This leads American security experts to believe that credibility fields protect doctors from scrutiny.

But they shouldn’t say anything about the doctors’ interest in global jihad, no matter where they come from, as we know from Dr. Nidal Hasan learned of the 2009 massacre of US Army comrades at Fort Hood, Texas, and from an unexpectedly long list of other terrorist Hippocracy oathbreakers.

Research-based evidence and other reports show that doctors from abroad are becoming terrorists or terrorist leaders in shocking numbers.

There is, of course, Osama bin Laden’s successor, Egyptian al-Qaeda mastermind and surgeon Ayman al-Zawahiri.

There’s George Habash, founder of the Popular Front for the Liberation of Palestine, who became a notorious bomber and hijacker of passenger planes in the 1960s and 1970s, and Fathi Shaqaqi, who founded the blood-soaked Palestinian Islamic Jihad in the 1980s.

Osama Bin Laden
Osama Bin Laden
Getty Images

Abdel Aziz al-Rantisi, the late Hamas leader, was a pediatrician.

Doctors and other highly qualified professionals can also be operators.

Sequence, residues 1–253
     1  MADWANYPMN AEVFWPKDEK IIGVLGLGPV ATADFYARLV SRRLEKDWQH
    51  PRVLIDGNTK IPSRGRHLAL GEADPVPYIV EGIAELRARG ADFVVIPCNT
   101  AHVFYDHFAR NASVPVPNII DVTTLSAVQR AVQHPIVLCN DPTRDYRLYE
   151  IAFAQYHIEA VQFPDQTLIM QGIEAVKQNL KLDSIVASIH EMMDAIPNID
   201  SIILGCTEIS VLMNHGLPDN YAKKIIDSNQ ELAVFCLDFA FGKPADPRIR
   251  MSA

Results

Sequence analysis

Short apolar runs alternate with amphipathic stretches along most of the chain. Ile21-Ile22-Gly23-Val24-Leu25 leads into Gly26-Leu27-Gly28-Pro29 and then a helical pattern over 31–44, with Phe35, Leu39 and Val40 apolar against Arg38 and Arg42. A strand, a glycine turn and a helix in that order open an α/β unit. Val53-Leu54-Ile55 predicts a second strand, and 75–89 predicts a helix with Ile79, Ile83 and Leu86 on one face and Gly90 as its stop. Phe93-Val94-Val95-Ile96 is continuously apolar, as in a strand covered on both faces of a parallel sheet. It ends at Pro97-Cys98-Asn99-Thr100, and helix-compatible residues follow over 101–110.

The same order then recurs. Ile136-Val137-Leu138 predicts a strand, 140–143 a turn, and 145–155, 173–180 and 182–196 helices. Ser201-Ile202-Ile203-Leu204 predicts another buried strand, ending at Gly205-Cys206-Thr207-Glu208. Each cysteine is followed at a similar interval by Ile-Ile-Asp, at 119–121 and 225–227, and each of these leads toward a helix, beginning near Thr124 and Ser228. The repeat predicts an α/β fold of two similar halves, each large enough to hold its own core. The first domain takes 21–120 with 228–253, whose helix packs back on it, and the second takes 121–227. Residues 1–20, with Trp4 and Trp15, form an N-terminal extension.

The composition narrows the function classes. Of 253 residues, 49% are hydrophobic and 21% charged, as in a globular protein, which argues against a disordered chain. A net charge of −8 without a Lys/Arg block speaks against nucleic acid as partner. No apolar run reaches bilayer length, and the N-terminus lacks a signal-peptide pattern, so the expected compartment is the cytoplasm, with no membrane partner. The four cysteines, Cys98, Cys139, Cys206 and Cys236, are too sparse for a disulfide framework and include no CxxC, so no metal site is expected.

Eight suspects in the foiled 2007 “doctor plot” to bomb targets in London and Glasgow were doctors and medical professionals, including Iraqi-born Dr. Bilal Abdullah, who was arrested when he tried to blow up a jeep loaded with gas cylinders at Glasgow Airport.

There is the US-educated “Lady al-Qaeda”, the Pakistan-born Aafia Siddiqui. She is in federal prison in Texas after being convicted in 2010 for taking an M4 rifle from US soldiers who captured her in Afghanistan and opening fire on her while screaming “Allah Akbar!”

Siddiqui is an MIT-trained neuroscientist who earned his PhD from Brandeis University before planning mass attacks on New York City landmarks and killing Americans in Afghanistan.

Doctors and medical students from all over the world lined up in 2015 when IS launched a call for foreign health workers.

Her boss was Kefah Basheer Hussein, a rheumatologist and ISIS “minister of health.”

This doctor oversaw the removal of organs and blood from prisoners who were about to be executed.

For his part, Muhammad Masood looked great on paper, which probably led to US officials being inclined to speculate since he was a doctor.

court records and his LinkedIn profile show that he earned a Bachelor of Medicine from Islamic International Medical College in Islamabad and a Bachelor of Surgery from Riphah International University.